ABL and BCR Genes are not imprinted in androgenetic and gynogenetic human tissues

Haya Lorberboum-Galski, Shai Yarkoni, Amotz Nechushtan, Jacob Rachmilewitz, Nathan De Groot, Abraham Hochberg

Research output: Contribution to journalArticlepeer-review

2 Scopus citations

Abstract

In the translocation leading to the formation of the Philadelphia chromosome, the hallmark of chronic myeloid leukemia (CML), the translocated chromosome 9 (ABL), is of paternal descent whereas chromosome 22 (BCR) is of maternal origin (1). To study possible imprinting of the human ABL and BCR genes, we used human tissues exclusively endowed with their maternally (benign teratoma) or paternally (complete hydatidiform mole) inherited chromosomes. Using the sensitive PCR technique followed by northern blotting, we demonstrate here that ABL and BCR are expressed to a similar extent in androgenetic and gynogenetic human tissues, thus suggesting that ABL and BCR genes are not imprinted in these human tissues.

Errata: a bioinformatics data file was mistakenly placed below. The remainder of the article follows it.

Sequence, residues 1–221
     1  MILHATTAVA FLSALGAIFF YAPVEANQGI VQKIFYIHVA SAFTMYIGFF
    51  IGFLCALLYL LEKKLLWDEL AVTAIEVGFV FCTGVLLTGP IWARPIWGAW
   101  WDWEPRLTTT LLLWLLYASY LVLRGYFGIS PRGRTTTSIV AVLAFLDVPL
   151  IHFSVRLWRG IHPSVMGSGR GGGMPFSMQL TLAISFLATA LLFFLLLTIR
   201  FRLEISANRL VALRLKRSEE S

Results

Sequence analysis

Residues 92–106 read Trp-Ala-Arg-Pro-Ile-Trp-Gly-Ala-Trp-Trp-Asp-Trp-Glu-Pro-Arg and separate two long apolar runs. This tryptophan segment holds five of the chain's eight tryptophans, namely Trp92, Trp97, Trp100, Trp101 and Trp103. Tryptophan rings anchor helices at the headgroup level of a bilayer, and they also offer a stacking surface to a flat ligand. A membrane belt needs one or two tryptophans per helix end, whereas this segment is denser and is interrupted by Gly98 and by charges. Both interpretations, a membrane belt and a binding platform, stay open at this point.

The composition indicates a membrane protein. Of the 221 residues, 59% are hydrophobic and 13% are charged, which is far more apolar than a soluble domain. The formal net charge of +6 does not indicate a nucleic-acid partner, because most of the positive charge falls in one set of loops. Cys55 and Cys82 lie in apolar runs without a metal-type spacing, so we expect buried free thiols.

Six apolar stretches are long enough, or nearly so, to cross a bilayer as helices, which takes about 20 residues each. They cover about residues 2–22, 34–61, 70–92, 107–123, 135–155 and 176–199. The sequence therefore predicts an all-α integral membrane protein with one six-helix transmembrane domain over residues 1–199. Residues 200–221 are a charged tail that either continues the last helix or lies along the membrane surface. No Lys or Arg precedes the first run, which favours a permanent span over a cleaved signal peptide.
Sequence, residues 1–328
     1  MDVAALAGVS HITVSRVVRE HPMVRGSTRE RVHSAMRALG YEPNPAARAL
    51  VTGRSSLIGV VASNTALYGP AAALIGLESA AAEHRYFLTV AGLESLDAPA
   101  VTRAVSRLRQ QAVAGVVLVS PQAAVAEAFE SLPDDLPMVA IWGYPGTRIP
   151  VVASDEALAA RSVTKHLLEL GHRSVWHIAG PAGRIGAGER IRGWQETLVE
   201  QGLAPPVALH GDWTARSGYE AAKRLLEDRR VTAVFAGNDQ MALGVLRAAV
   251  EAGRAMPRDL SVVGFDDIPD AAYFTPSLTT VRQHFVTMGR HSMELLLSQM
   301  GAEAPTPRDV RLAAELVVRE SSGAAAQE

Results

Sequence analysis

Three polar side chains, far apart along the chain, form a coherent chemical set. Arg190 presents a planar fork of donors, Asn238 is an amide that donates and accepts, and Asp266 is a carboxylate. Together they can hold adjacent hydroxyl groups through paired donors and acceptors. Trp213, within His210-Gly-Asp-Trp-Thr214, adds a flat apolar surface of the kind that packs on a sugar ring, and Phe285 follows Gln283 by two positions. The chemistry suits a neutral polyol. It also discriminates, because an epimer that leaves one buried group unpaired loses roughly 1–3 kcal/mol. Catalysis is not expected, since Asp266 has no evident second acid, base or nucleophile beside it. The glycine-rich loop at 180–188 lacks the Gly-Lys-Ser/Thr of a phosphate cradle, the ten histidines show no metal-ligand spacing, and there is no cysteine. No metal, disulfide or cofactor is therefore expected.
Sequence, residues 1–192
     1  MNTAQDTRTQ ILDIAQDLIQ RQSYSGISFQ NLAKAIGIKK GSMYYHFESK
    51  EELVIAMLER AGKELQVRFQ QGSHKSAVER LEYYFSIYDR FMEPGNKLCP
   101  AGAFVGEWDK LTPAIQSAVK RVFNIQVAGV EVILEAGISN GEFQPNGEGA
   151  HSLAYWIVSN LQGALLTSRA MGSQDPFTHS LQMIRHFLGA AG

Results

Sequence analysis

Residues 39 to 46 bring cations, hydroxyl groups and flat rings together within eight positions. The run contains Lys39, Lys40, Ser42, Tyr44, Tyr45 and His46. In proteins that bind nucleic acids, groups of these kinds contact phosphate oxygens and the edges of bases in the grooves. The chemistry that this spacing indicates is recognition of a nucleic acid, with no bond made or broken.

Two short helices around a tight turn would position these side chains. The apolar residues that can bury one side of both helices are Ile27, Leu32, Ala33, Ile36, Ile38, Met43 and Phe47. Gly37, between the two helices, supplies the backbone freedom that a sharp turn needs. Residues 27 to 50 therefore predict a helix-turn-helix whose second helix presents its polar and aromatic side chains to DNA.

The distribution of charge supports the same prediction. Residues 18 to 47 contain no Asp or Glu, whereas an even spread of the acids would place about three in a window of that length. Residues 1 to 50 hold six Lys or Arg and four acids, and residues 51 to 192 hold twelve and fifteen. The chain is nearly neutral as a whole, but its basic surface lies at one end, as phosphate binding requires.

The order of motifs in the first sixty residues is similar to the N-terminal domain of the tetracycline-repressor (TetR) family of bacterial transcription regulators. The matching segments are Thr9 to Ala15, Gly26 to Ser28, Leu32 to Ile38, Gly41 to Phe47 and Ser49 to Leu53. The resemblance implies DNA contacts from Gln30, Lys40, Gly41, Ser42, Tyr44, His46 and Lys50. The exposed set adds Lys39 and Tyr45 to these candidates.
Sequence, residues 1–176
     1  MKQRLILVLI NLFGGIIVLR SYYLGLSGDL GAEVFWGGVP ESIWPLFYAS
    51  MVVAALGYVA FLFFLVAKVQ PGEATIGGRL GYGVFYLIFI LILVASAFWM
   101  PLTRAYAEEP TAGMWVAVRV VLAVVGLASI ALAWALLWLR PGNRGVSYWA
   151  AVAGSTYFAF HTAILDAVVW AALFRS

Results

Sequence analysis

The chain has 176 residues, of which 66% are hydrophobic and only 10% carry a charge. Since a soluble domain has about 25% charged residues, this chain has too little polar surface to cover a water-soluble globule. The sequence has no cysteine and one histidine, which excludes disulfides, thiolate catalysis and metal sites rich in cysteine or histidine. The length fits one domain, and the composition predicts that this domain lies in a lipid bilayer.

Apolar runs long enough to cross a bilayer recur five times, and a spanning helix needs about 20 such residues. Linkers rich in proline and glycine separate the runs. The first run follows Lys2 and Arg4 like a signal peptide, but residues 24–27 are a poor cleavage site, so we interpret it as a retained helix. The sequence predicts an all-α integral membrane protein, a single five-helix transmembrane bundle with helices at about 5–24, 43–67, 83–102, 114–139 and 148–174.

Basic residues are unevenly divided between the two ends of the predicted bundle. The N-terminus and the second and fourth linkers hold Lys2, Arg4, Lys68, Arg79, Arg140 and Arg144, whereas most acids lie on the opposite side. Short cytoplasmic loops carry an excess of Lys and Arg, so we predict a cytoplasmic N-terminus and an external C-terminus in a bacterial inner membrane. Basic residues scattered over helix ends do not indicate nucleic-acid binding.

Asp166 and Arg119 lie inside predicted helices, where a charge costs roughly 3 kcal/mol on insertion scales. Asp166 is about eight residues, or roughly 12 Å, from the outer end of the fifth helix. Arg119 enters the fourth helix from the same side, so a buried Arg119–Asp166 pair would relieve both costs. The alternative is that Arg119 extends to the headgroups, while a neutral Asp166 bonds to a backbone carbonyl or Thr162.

Original languageAmerican English
Pages (from-to)621-627
Number of pages7
JournalBiochemical and Biophysical Research Communications
Volume204
Issue number2
DOIs
StatePublished - 31 Oct 1994

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